IT: Steve, do you think any brokers will go bust as a direct consequence of their failure to grasp e-commerce?

IT: Steve, do you think any brokers will go bust as a direct consequence of their failure to grasp e-commerce?
SV: I think that all businesses will need to have an e-commerce capability over the next few years, especially those in financial services, banking and insurance.

With the internet and e-commerce, customers will increasingly expect instant access to information, higher levels of service and better value for money. Brokers who don't recognise this, and plan and invest accordingly, will, I believe be operating in an inefficient and outdated business model and could well go the way of the door-to-door collector.

If we said there were currently about 10,000 brokers and intermediaries operating in the UK, how many would you estimate will be put out of business by e-commerce.
Hopefully, brokers will have the foresight to see the changes taking place, and will plan and act in time. There will still be a role for the broker providing expertise as a value-added service, but this will need to be backed up by a first class e-commerce service capability.

This means a significant investment in technology that may well be beyond the reach of many smaller brokers.

Those brokers will need to get bigger by teaming up with somebody else or selling out while their business still has a value. Alternatively, they may get an insurer or network partner to help fund the technology, in return for a long-term business commitment.

Within a few years, this market consolidation could conceivably result in there being fewer than 1,000 brokers as we know them today.

That would be an amazing change. Does it concern you, and if so, why?
Clearly it gives me something to think about, as much of my company's revenue is derived from the intermediary channel.

The good news, however, is that all the research suggests that the majority of people buying electronically will want informed choice - and that means intermediarised business. This is borne out by the fact that most of the recent high-profile new entrants are all acting as intermediaries offering comparative quotations.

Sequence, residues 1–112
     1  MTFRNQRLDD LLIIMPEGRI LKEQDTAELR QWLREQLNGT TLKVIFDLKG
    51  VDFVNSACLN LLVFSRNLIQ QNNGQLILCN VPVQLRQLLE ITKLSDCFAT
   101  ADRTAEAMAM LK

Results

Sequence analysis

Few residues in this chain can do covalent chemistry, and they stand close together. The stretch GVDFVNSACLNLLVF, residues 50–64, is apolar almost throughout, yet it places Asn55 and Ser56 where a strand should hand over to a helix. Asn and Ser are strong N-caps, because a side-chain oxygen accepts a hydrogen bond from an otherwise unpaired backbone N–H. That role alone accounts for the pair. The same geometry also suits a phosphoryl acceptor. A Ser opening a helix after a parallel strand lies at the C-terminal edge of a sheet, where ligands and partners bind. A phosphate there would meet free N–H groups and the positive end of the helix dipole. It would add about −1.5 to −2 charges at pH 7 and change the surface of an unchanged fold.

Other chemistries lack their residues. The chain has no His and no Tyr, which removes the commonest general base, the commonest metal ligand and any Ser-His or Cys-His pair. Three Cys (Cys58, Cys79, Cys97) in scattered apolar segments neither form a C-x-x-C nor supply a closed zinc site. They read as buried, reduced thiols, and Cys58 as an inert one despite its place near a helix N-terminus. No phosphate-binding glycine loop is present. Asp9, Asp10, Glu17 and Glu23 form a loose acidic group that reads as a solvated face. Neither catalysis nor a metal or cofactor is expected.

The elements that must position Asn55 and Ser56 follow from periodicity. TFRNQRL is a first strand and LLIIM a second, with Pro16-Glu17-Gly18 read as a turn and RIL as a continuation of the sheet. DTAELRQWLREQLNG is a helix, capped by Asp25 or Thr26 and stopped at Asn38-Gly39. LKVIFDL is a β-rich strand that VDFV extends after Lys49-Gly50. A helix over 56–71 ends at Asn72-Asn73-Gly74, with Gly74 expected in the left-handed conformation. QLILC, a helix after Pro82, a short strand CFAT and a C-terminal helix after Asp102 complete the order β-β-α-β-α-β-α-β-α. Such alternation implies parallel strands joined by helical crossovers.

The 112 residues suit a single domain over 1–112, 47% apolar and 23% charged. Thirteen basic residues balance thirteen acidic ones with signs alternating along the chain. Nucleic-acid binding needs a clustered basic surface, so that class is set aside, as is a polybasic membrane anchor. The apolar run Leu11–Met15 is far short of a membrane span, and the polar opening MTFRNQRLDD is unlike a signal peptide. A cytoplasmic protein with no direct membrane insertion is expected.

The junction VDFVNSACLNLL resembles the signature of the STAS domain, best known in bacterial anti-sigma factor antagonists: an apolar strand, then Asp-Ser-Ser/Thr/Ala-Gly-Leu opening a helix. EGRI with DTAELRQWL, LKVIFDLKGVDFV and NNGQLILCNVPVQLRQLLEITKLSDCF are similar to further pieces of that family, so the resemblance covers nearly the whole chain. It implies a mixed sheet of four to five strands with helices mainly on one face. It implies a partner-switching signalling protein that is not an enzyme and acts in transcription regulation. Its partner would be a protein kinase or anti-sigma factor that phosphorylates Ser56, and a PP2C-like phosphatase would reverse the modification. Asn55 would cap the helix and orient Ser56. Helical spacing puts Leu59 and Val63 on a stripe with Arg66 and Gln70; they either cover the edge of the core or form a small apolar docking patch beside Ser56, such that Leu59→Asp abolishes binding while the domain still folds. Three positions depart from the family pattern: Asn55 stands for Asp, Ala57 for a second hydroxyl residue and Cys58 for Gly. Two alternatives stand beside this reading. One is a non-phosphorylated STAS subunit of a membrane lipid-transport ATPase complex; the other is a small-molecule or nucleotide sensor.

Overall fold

So I don't think we are going to see a shrinking of the intermediarised market, simply an evolution to a larger market with new types of intermediaries. Brokers need to take a view on how they think the market will evolve and where their future place in that market will be, and then act accordingly.

Changing the subject, there have been a lot of initiatives in recent months involving the trade bodies, in particular Biba and the IIB. I know that this is something you have strong views on. Why?
I believe that before Biba commits itself to join forces with anyone, it should ensure it understands what it is trying to achieve, and the technical and business issues involved.

While companies such as IBM and Microsoft may have something to contribute, surely Biba should also seek input from the companies on whom the vast majority of brokers in this country will rely on to deliver the goods? For Policy Master's part, we offered some months ago to share our expertise in this area, and I am sure the other broker system suppliers would be prepared to do likewise. (How about it Mike?)

Surely we have a common interest in working together to ensure the prosperity of the intermediary channel?

Policy Master, along with the other software houses, has the expertise to help Biba.

Having spoken to my colleagues at Microsoft, I understand they were intending to discuss (with Biba) BizTalk technology which works with XML.

Policy Master is fully committed to BizTalk and XML, a technology already used in our e-commerce systems. In fact, working with Microsoft, we were instrumental in introducing these technologies to the UK insurance industry via the ABI.

The IIB plans to offer fully-interactive quotes engines to its broker-members. Surely that is a positive initiative?
As far as details of the IIB initiative are concerned, I am not entirely clear. However, they seem to be advocating the development of a common internet quotes and point-of-sale system to be used by brokers. Similar to the Experian "Central Site"? (Sorry Andrew if I've got it wrong)!

If this is the case, then I have to say I am not convinced about the viability of hundreds of small brokers on the internet, each with their own branded version of the same on-line quotes system.

How will people find them? How will they compete on price? How does this re-engineer their end-to-end business processes? How will they differentiate themselves? What is their value add? Will they be able to work on low single figure margins?, or will they collectively stand out as a more expensive alternative to the larger volume players?

No doubt all will be revealed soon!

One thing is for sure; this industry has never been short of technology initiatives claiming to revolutionise the way we do business, and I'm sure there will be more to come.

Clearly, there is a growing awareness within the industry of the need to become more efficient and the role that investing in IT plays in achieving this. Surely that has to be good news for any software company that can help its customers to achieve this?

Like brokers, we have had to adapt, and will continue to do so, in a changing market.

The products and services from which we derive revenue from today are very different to the ones we had five years ago. And they will undoubtedly be different again in five years' time.